Saturday, April 1, 2017

Lane Cruises a Gay Barber from 30 Years in the Past


West Hollywood, January 1982

This is Lane's weirdest paranormal experience:

When he was growing up in the 1950s and 1960s, he and his  parents often went to the Broadway in downtown Los Angeles. It was one of those old-fashioned multi-story department stores with everything under the sun: sportswear, furniture, candy, bedspreads.  He especially liked the toy section, where cute sales clerks would always ask "Can I help you, sir?" and make him feel special.

As an adult, Lane preferred gay-themed shops, so he went to the Broadway only occasionally, when he needed something that you couldn't get in West Hollywood.

That day in January 1982, he was shopping for a new comforter for his bed -- housewares, on the sixth floor.

As he walked down the aisles of sheets, towels, bedspreads, and pillows, he suddenly felt light-headed, and the room seemed to get darker.  He thought he might faint.

Looking for a place to sit down, he walked toward the north side of the store, and saw a sign reading "Barber Shop."

He didn't remember a barber shop on that floor, but he pushed through a frosted-glass doorway.

It was very old fashioned, nothing like the modern hair salons that Lane usually went to.  Wood paneling, fluorescent lamps, frayed red chairs, jars of weird green liquid with combs floating in them.  Hair on the floor. An old black-and-white tv set was playing the 1950s sitcom I Love Lucy, with the sound off.

Several men in suits were waiting their turn, leafing through Field and Stream magazine or newspapers.  One was staring a the tv screen.

There were two barbers working, one very young, in his 20s,  with broad shoulders, a  pleasantly solid physique, and very nice hands, thick, square, masculine.  He had classically handsome features, high cheekbones, a dimpled chin, dark soulful eyes -- and a dorky crew cut.

You'd think barbers would have nice haircuts, Lane thought.

The other barber was middle aged, wearing horn-rimmed glasses.  They must be father and son.

Lane wasn't feeling sick anymore, and his cruising instincts started up.  Maybe he could flirt a little with the young barber (he thinks he was named Steve),  find out if he was gay.  He sat down in a chair that gave him a good view.

Soon Steve said "You're next."

"No, these other guys were here first," Lane protested.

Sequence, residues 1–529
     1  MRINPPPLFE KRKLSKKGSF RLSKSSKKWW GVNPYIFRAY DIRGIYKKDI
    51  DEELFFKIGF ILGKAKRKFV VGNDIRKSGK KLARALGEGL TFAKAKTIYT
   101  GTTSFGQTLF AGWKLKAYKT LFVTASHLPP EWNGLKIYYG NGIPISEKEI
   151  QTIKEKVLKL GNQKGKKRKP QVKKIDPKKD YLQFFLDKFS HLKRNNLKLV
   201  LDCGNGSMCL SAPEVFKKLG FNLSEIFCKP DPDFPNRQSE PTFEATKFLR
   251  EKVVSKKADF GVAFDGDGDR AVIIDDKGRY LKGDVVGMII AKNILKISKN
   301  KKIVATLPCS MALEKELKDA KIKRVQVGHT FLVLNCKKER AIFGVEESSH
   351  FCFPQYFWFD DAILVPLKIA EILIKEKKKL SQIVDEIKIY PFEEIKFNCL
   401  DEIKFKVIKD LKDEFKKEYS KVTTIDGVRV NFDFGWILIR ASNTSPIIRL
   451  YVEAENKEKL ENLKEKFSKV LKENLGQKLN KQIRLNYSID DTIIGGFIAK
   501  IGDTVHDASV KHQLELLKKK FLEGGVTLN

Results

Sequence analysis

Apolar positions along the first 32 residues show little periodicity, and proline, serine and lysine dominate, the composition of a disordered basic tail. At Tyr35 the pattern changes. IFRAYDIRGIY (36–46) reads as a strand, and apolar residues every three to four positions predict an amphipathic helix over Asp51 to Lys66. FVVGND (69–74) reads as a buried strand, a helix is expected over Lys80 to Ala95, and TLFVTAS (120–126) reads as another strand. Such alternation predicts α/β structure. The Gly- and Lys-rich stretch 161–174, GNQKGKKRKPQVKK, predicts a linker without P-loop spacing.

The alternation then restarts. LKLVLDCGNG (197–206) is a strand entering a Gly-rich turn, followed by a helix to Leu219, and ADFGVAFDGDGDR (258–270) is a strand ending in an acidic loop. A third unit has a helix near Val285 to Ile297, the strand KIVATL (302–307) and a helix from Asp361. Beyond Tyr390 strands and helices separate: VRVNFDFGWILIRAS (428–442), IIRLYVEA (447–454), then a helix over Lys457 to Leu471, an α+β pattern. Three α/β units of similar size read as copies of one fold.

"They're regulars.  I get all the new customers," he said with a smile.  "Dad insists."

Lane didn't really need a haircut, but he sat down in the frayed red chair.  Steve pumped him up and tied a mesh cape around his neck.

"Wow, you're as shaggy as a beatnik.  How long has it been since you got a good scalping?"

"About two weeks," Lane admitted.

"Well, your old guy did a bum job.  Don't worry, I'll fix you right up.  The latest style."   He ran his fingers through Lane's hair.  "You'll be ready to wow the ladies in no time."

Heterosexist!  Lane didn't usually come out to strangers, especially strangers with scissors in their hands, but it was insulting for the guy he was trying to cruise to mistake him for a breeder.  So he said "You mean wow the guys.  I'm a fag."

He said fag for its shock effect, but Steve didn' seem shocked.  "Well, that's ok, too," he said brightly.  "Live and let live, that's my motto.  I got a buddy who's that way.  Super nice guy -- he'd give you the shirt off his back."

Lane laughed.  "And his pants, too?"

"Maybe if you ask him nicely."

They chatted about other things -- Lane didn't remember what, maybe I Love Lucy.

Suddenly he felt sick again.  He jumped from the chair and ran through a back door to what he hoped was a bathroom.  It was a supply closet: bottles of green stuff, extra aprons, brooms, mops.
Any port in a storm.  Lane knelt and threw up into a mop bucket.

Suddenly Steve was there, kneeling beside him, his arm around him.

"Hey, buddy, you're sick," he said softly.

"Yeah.  Must have been that sushi I had for lunch."

"I don't know what sushi is, but I'll bet you never have it again."  Steve pulled him to his feet and helped him to the real bathroom to wash up.

"Come on -- don't worry about the haircut.  I'll take you home."

"That's ok, I can manage," Lane said.  He was in no mood to cruise, if that's what Steve intended.  He could always come back tomorrow.

"Well, at least let me call you a cab."

"No, really, I'm feeling better."

Steve put his arm around him again.  "Will you come back tomorrow to let me know you're ok?"

"Definitely.  It's a date."

Lane stumbled out into the bright light of Housewares, took the elevator to the parking garage, and went home.

Only then did he notice the crazy old-fashioned haircut Steve gave him.  It would take a month to grow out!

The next day Lane went back to the Broadway.

The barber shop looked completely different.  Modern steel and glass furniture. Pictures of supermodels on the wall.  Three hair sylists, one female.

No one with Steve's name or description worked there!

 Did he imagine the whole thing?

A few days later, he told his father about his weird paranormal experience.

"There was a men's barber shop on that floor years ago, run by a father and son," Aaron said.  "That was back when your mother and I first married.  The son may have been named Steve, I don't remember."

"Was he gay?" Lane asked.

Aaron shrugged.  "Who knows?  We didn't air our dirty laundry in public back then.  He may have been a little fruity, but I didn't think anything of it."

Did Lane take a "step to the left" that day in 1982 and end up cruising a gay barber thirty years in the past?

See also: A Time Traveler from the 1980s Brings Me Guys

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